Blackhead Path

A bracing Blackhead Path Whitehead pathwalk by the sea! The path runs northeast from Whitehead and is lined by interesting wildlife habitats including grassland, woodland (known locally as the ‘Magic Forest’) and a rocky shoreline. The Lough itself is an Area of Special Scientific Interest (ASSI) famed for its bird population, including nesting peregrine falcons. Meadow pipit, robin, goldfinch and chaffinch are commonly seen. There have also been recent sightings of stoat and otter and, on sunny days, watch out for lizard sunning themselves on rocks by the path. If you keep an eye on the beach and look out to sea, birds such as cormorant, shag, gannet, oyster catcher, redshank, turnstone, black-headed gull and common gull can be spotted. Seals, porpoise and dolphin can sometimes be seen swimming in the lough – a real treat.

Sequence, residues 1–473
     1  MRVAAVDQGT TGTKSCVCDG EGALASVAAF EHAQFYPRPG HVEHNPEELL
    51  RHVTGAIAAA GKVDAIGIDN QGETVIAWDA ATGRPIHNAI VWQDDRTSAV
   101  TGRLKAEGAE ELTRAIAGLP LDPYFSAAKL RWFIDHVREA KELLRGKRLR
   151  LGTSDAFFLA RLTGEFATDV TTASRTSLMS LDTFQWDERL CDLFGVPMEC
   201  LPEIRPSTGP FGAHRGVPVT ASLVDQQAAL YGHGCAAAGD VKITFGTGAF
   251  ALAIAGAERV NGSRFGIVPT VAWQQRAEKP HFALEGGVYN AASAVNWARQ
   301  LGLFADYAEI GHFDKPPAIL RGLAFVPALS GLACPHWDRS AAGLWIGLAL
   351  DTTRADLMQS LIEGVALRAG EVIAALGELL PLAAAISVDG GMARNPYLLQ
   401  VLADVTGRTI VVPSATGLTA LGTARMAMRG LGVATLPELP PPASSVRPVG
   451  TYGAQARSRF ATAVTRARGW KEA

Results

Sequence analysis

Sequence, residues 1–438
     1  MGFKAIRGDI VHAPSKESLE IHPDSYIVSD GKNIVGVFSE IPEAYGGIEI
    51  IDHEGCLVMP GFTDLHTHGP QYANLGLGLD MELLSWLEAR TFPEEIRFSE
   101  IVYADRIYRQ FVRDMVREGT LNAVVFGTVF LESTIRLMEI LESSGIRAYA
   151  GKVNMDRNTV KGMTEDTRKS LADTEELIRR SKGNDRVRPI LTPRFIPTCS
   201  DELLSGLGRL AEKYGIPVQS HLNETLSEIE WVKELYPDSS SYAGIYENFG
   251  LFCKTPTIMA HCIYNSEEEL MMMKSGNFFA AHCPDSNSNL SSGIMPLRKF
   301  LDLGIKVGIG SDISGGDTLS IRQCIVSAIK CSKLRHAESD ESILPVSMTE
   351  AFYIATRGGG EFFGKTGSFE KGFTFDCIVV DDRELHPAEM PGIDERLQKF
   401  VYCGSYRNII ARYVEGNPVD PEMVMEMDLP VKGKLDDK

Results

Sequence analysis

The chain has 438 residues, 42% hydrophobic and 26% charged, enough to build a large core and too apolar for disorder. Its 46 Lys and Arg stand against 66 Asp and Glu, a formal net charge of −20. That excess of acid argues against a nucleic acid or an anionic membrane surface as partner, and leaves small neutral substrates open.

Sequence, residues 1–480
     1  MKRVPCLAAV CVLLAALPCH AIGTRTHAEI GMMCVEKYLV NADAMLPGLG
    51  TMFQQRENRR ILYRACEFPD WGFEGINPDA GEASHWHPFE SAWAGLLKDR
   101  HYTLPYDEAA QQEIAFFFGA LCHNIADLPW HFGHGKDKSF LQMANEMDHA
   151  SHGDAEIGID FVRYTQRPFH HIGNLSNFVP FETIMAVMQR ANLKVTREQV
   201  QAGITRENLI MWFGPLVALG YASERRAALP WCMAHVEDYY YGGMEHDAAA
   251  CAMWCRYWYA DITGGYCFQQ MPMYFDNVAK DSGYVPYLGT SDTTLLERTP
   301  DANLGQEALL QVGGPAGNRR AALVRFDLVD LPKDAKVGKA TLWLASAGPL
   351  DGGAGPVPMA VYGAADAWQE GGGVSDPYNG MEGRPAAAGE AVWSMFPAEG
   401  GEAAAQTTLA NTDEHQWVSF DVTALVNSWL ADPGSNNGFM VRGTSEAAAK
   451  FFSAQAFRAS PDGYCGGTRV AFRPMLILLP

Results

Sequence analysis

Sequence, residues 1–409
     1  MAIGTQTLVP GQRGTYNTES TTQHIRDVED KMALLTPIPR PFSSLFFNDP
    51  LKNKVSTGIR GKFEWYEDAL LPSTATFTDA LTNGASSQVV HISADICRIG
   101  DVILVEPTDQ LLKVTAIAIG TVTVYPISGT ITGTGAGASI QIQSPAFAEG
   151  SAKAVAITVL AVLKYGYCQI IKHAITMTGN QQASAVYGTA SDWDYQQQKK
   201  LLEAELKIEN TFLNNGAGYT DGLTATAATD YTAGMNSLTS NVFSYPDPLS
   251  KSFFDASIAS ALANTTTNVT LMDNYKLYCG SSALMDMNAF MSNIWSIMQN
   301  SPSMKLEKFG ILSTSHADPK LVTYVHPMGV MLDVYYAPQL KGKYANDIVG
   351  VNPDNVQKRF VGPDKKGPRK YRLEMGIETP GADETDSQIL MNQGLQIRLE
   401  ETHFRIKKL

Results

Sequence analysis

Walkers can ascend a steps to reach Blackhead Lighthouse which was designed by William Douglass, Engineer to the Commissioners of Irish Lights. The light was first ‘lit’ in 1902. Its purpose was to aid shipping in and out of Belfast Lough complemented by the lighthouse on Mew Island. It is also a significant passing point on the north south shipping routes. The lighthouse is 16metres high and stands 45 metres above average high tide mark. The light is visible from 27 nautical miles. It was a paraffin lamp until 1965 when it was electrified. The lighthouse was automated in 1975 and became unmanned.